With modern poultry processing and packing, the giblets, which include a chicken's liver and gizzard, get separated from the bird, trimmed and cleaned, and then either returned to a whole-bird package or placed in by-the-pound containers for retail sale. Look for giblets with clear color and firm texture. Thaw them in the refrigerator overnight, or submerge an airtight container in cold water for about two hours per pound, changing the water every 30 minutes. Although liver is a food source of cholesterol, old-fashioned frying is a favorite way to prepare giblets. Update your frying method to cut added cholesterol by using unsaturated types of cooking oil.
Things You'll Need
- Paper towels
- Cutting board
- Medium bowl
- Small bowl
Trim each liver to remove membranes and the large central vein, if present. Rinse the livers under cold running water to remove any blood clots and residue. Gizzards are typically already split during processing with the inner lining, gall bladder and grit removed. The small, greenish gall bladder is located on the upper gizzard. Trim off any remaining gall bladder and lining membrane, and rinse the gizzards under cold running water to remove all grit. Drain the giblets on paper towels.
Slice the gizzards into 3/4-inch pieces on a cutting board. A gizzard is a muscular organ that is often tough. Cooking smaller pieces slightly longer than livers helps tenderize gizzards.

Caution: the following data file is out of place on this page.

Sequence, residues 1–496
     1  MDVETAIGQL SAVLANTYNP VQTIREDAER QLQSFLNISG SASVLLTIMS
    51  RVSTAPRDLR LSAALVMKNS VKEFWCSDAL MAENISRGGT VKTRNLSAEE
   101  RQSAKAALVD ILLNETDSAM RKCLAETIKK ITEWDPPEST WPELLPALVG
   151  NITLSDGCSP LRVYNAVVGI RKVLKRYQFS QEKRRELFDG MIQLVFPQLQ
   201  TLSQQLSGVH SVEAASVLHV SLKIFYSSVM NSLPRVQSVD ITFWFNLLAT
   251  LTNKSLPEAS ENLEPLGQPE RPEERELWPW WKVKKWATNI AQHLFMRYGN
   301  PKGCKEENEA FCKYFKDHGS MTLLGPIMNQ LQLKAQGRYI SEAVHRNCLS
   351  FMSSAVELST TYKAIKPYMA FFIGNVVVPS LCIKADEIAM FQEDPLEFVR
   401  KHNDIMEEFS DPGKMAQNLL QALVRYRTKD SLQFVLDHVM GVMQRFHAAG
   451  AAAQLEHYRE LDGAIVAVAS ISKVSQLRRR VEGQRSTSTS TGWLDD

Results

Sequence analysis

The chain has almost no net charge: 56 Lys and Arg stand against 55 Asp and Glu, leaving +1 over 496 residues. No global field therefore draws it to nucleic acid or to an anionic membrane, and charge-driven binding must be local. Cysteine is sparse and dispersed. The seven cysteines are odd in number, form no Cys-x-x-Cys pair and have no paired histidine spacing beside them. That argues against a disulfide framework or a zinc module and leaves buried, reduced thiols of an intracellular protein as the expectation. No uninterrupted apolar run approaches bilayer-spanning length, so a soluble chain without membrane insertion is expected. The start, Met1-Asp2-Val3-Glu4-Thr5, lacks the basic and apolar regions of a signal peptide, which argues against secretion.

Mix together flour and your favorite herbs and seasonings in a medium bowl. Ground pepper, thyme, tarragon, rosemary, sage, marjoram or powdered dried chilies complement chicken giblets.
Preheat a skillet with 1/4 inch of oil to medium temperature -- the meat pieces should sizzle when added to the hot oil. Select an unsaturated oil that has a high flash point, such as sunflower or sesame oil, to achieve a golden brown color without scorching.
Dip the gizzard pieces into a small bowl of buttermilk and then dredge them in the seasoned flour. Place them in the skillet and simmer them in the oil for about three minutes, then turn them to brown the other side. Dip and dredge the livers and add them to the skillet when you turn the gizzards. Turn the livers and gizzards as necessary to brown all sides until the meats are tender.
Remove the giblets from the skillet and drain them on paper towels. Serve them fried as a main dish, or add them to chef salads for tasty crunch. Incorporate the pieces into casseroles at the last minute to retain their crispness, or serve them as nuggets with vegetables over a bed of rice or pasta.
Tips & Warnings
- Experiment using different flours. For example, whole wheat flour adds a sweet, nutty flavor, while rice flour has a lighter consistency.
- Simmer giblets, including the heart, in seasoned water with neck and back pieces to make flavorful broth. Gizzards should be tender after simmering for about 12 minutes.
- Store raw fresh or thawed livers and gizzards for one to two days in the refrigerator at 40 degrees Fahrenheit. Refrigerate cooked leftovers immediately and consume them within 48 hours.
- University of Nebraska: Safety of Giblets
- Fit Day: Which Cooking Oil Is the Best One for You?
- 325 Great Chicken Dishes; Reader’s Digest Editors
- Betty Crocker’s Cookbook; Western Publishing Company, 1969 Edition
- Photo Credit Eising/Photodisc/Getty Images